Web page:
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Falcons ready for season of heightened expectations
Atlanta Falcons quarterback Chris Redman (8) is flushed out of the pocket by Jacksonville Jaguars linebacker Freddy Keiaho (54) during the first half of a preseason NFL football game in Jacksonville, Fla., Thursday, Sept. 2, 2010. Jacksonville beat Atlanta 13-9. - photo by Associated Press

FLOWERY BRANCH, Ga. — The Atlanta Falcons don't have to answer that same ol' question: Hey, guys, when are y'all actually going to have two winning seasons in a row?

Yet it's the way they view getting a 44-year-long monkey off their backs that provides the best insight into why this long-suffering franchise may have finally turned the corner.

Coach Mike Smith isn't happy about going 9-7. Neither are his players. They came up short of their goals for 2009, which were getting back to the playoffs and going even deeper than they did the year before.

The Falcons will resume that quest Sunday, when they open a season of high expectations against the Pittsburgh Steelers.

"We feel like we can take that next step," receiver Roddy White said Monday, relaxing at his locker after practice. "Everyone wants to take that next step. Everyone is doing what it takes to get there."

That just the sort of attitude that Smith and general manager Thomas Dimitroff wanted to instill when they were handed the keys to a franchise in disarray after the 2007 season.

They refused to give in to the team's history, which to that point included only one lasting highlight (reaching the Super Bowl in 1999) and a whole lot of lowlights. They refused to accept that it would take years to rebuild from the loss of the team's signature player, Michael Vick, and the defection of its previous coach, Bobby Petrino.

Two years ago, a team picked to win three or four games at the most went 11-5 and claimed a playoff berth. Atlanta fans had been through it all before: a surprising season quickly followed by more disappointment. And, indeed, the Falcons seemed headed for a losing season when a rash of injuries ruined their playoff hopes and left then at 6-7 with three games to go.

But Matt Ryan returned from an ailing toe to lead three straight wins, including a road victory against the New York Jets, and one of sport's most ignominious streaks finally came to an end.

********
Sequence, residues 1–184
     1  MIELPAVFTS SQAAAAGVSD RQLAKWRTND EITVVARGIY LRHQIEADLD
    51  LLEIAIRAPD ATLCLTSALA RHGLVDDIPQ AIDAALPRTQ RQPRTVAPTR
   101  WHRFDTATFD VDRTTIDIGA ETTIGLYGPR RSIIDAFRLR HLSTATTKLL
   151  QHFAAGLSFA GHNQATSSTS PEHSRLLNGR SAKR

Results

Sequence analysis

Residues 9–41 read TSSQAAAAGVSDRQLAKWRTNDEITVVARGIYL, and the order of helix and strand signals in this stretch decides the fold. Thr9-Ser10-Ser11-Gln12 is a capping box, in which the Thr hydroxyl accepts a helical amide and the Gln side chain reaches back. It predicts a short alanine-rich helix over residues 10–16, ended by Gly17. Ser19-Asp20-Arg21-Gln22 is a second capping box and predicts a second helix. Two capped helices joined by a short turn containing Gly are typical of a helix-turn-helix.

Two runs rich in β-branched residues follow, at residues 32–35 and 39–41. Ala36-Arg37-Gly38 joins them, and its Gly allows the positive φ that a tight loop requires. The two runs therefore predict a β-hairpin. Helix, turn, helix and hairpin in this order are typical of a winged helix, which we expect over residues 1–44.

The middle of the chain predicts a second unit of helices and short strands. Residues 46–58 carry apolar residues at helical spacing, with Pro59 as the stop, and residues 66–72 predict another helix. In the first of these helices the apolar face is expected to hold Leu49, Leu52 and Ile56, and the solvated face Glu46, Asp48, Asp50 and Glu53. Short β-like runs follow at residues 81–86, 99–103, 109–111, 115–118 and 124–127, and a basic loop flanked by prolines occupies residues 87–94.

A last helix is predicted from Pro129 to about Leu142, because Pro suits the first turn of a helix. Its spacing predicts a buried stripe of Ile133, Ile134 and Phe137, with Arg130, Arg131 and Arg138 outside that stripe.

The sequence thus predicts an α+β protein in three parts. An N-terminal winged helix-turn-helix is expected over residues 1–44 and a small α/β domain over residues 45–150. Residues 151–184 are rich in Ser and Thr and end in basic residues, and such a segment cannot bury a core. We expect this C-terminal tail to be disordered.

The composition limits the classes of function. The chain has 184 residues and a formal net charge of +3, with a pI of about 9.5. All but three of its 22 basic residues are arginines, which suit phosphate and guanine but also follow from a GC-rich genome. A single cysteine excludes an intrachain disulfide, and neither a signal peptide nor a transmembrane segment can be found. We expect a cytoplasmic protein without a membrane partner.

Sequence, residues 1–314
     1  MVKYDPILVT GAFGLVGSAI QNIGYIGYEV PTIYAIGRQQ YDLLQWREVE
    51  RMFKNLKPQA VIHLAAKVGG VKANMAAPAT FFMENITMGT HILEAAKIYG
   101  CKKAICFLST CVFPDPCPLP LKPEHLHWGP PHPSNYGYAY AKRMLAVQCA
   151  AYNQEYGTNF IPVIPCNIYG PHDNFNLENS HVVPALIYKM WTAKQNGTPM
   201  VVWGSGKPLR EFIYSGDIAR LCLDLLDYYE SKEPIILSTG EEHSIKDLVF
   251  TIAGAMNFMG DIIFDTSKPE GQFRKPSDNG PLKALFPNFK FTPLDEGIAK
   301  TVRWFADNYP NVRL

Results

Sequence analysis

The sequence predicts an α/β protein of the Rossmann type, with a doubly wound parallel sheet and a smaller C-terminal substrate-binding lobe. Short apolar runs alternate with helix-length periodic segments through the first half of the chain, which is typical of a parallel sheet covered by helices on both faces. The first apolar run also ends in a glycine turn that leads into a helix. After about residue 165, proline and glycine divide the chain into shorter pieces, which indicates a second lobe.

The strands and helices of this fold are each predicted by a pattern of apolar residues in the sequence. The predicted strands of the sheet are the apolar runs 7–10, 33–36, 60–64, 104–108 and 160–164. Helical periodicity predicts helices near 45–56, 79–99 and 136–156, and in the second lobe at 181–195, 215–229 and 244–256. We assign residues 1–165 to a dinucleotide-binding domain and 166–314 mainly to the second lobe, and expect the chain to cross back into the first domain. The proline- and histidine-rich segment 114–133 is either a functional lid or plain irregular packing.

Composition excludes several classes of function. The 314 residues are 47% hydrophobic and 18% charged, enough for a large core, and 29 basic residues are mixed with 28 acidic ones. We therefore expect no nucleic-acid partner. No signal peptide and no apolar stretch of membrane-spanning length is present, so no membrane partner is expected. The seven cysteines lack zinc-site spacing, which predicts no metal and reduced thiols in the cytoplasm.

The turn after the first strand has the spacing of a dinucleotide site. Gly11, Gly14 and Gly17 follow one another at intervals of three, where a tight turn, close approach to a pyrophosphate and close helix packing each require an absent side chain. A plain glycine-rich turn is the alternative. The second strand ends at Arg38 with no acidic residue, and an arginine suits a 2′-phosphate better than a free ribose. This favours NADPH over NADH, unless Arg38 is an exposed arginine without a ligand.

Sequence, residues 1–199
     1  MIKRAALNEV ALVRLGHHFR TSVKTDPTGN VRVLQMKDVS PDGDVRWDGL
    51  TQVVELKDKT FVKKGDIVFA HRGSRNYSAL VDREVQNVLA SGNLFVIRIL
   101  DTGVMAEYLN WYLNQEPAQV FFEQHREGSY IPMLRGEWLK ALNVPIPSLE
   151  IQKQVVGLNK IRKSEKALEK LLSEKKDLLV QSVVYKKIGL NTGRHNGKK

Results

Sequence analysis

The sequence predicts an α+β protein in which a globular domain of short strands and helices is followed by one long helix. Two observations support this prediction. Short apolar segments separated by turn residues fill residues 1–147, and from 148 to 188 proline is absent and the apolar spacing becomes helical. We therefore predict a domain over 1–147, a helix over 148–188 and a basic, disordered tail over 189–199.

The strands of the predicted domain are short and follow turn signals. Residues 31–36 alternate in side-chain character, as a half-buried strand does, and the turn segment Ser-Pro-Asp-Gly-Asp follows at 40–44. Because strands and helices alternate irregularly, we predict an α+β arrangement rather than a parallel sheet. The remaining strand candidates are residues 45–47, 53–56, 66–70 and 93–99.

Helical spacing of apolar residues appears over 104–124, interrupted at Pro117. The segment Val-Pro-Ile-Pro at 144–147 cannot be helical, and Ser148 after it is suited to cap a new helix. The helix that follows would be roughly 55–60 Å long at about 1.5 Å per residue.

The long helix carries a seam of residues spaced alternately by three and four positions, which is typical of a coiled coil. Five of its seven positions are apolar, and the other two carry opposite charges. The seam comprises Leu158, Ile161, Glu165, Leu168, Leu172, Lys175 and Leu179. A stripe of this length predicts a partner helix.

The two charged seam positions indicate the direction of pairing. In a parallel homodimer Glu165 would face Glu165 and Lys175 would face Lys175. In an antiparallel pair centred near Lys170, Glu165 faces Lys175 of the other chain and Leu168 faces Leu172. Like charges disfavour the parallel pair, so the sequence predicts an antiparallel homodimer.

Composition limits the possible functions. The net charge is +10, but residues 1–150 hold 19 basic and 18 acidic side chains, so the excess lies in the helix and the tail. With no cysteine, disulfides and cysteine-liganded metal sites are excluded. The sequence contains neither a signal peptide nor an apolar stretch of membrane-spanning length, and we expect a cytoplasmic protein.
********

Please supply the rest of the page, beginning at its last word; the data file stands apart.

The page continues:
In the past, two straight winning seasons might've been reason enough to hold a ticker-tape parade.

Not anymore.

"The season definitely didn't go the way we wanted it to go," linebacker Mike Peterson said. "We did have a winning season, so it was good to hang our hats on something. But as far as the season as a whole, and for me personally, we definitely didn't reach the goals we wanted to reach."

Still, there's no denying that a stigma was lifted from this franchise by the last three games of 2009.

White realizes that. Heading into his sixth season with the Falcons, he's on his fourth head coach and certainly hasn't forgotten the 4-12 debacle that occurred after Vick was caught running a dogfighting ring.

"It was a big thing for us, especially for the organization and the people upstairs," White said. "They all wanted to get that monkey off our back. Matt coming back and playing those last couple of games was really good for us and our confidence. It showed no one gave up. Everybody still wanted to win, even if we couldn't go to the playoffs. That was big for our team."

But again, no one seems satisfied. That's just what Smith wants to hear, because he certainly doesn't consider missing the playoffs to be a success, no matter what other factors were at work.

"We didn't reach our expectations last season," he said. "Other than that, I really don't have a whole lot of thoughts about it."

The Falcons have more than enough offensive weapons to keep playing deep into January. Ryan had a bit of a sophomore slump, but no one denies he's the new face of the franchise. Michael Turner is healthier and expecting to carry the bulk of the running load again. White and Hall of Famer-to-be Tony Gonzalez are two enticing weapons in the passing game.

The key is defense. Atlanta ranked 24th in the NFL in yards allowed two years ago, and not much better (21st) last season. Dimitroff has tried to bulk up on that side of the ball through the draft (most notably, linebackers Curtis Lofton and Sean Weatherspoon, this year's No. 1 pick) and the major free-agent signing of this past offseason, cornerback Dunta Robinson.

"I don't want to put any pressure on us," Peterson said, "but this team is going to go as far as this defense. If the defense is playing well, this team will be playing well."

The Falcons are a popular pick to be this year's surprise team, even though they play in the same division as the defending Super Bowl champion New Orleans Saints.

Those sort of expectations are just what Robinson had in mind when he signed with Atlanta.

"These guys — the organization, coach Smith, Thomas Dimitroff — they've come in and done a great job," the cornerback said. "That's something I definitely wanted to be a part of."